High School Students in Part-Time Employment: What Effects on Scholastic Performance?

1137 Words Dec 27th, 2012 5 Pages
High school students in part-time employment:

What effects on scholastic performance?

Educators in the United States have long argued about the effects of part-time work on the academic performance of high school students. Though many studies claim that there is a relationship between a student’s grade point average (GPA) – the standard measure academic performance in high schools and universities in the US – and the number of hours the students is employed, there seems little agreement on what that relationship is.

Several studies (Sneider, 1982; Wallace, 1988; Johnson and Payne, 1989) suggest that students who work after school do better in their school work than students who do not have a job. Peel and Maas
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Krunjic found that beyond approximately 5 hours per week, the more hours a student worked, the lower was his or her GPA. This relationship between GPA and work appeared to be stronger the lower the grade level.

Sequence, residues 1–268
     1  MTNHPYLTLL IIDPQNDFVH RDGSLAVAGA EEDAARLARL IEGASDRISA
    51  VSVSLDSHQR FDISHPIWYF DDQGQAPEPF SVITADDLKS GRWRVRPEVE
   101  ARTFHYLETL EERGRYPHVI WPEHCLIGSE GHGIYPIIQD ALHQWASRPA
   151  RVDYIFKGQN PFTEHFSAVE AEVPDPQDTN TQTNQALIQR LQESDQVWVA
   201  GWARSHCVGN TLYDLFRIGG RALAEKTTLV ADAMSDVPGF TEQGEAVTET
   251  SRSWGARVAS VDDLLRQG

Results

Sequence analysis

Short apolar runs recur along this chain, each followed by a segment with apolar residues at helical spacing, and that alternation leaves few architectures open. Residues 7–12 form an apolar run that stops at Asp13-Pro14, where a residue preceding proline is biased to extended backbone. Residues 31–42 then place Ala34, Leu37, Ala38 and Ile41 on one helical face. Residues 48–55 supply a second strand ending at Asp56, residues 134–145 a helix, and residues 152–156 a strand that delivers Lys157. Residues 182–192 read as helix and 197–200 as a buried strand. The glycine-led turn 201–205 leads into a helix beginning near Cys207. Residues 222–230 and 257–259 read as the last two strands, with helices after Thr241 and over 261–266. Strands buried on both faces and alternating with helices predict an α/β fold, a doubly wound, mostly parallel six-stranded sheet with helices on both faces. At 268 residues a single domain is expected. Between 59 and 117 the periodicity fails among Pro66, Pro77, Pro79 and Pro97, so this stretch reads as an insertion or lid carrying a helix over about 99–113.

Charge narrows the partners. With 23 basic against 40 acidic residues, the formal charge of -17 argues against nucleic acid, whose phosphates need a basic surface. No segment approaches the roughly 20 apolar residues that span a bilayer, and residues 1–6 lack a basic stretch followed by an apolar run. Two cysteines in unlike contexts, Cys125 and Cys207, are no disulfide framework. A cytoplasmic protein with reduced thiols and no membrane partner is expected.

Krunjic concluded from the survey data that while both his and some earlier studies showed an increase in hours worked brings a decrease in GPA, the decrease is not serious enough to worry educators greatly. Krunjic goes on to suggest, however, thatn schools and boards of education become well acquainted with this relationship before deciding whether or by now much to limit the number of hours students can work.

Critical Review

A phenomenon that students at high school have part-time jobs is becoming common nowadays. The questions mad by many people especially educators is that: what are the effects of part-time work on the results of students and should high school students should continue to work after school?

Research into the effects of part-time work on high school students’ academic performance has produces a variety of conclusions. According to Jonhson and Payne (1989), we can expect students with jobs to perform better in school the students not working at all. But still other researchers, such as Feel and Maas (1990) believe that no amount of employment hours, however few or many, improves academic performance. And according to Alvarez (1987), factors other than working hours have for greater influence on GPA.
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